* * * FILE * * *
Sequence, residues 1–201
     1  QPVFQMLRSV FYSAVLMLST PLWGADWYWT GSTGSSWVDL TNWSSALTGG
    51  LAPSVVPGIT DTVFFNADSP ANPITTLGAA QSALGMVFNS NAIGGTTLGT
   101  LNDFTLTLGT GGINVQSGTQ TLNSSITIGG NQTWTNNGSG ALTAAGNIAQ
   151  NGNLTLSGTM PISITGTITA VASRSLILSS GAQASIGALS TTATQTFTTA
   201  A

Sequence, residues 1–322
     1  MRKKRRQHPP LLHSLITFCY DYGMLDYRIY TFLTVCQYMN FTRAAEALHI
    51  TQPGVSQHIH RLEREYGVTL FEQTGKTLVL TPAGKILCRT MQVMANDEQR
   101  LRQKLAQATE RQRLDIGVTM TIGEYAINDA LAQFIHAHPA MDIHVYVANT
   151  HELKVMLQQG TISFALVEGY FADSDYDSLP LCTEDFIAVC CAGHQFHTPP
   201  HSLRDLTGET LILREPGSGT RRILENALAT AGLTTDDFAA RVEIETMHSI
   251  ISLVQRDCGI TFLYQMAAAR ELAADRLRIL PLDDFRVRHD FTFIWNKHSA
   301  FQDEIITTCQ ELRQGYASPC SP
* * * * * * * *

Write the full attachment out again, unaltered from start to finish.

Sequence, residues 1–201
     1  QPVFQMLRSV FYSAVLMLST PLWGADWYWT GSTGSSWVDL TNWSSALTGG
    51  LAPSVVPGIT DTVFFNADSP ANPITTLGAA QSALGMVFNS NAIGGTTLGT
   101  LNDFTLTLGT GGINVQSGTQ TLNSSITIGG NQTWTNNGSG ALTAAGNIAQ
   151  NGNLTLSGTM PISITGTITA VASRSLILSS GAQASIGALS TTATQTFTTA
   201  A

Sequence, residues 1–322
     1  MRKKRRQHPP LLHSLITFCY DYGMLDYRIY TFLTVCQYMN FTRAAEALHI
    51  TQPGVSQHIH RLEREYGVTL FEQTGKTLVL TPAGKILCRT MQVMANDEQR
   101  LRQKLAQATE RQRLDIGVTM TIGEYAINDA LAQFIHAHPA MDIHVYVANT
   151  HELKVMLQQG TISFALVEGY FADSDYDSLP LCTEDFIAVC CAGHQFHTPP
   201  HSLRDLTGET LILREPGSGT RRILENALAT AGLTTDDFAA RVEIETMHSI
   251  ISLVQRDCGI TFLYQMAAAR ELAADRLRIL PLDDFRVRHD FTFIWNKHSA
   301  FQDEIITTCQ ELRQGYASPC SP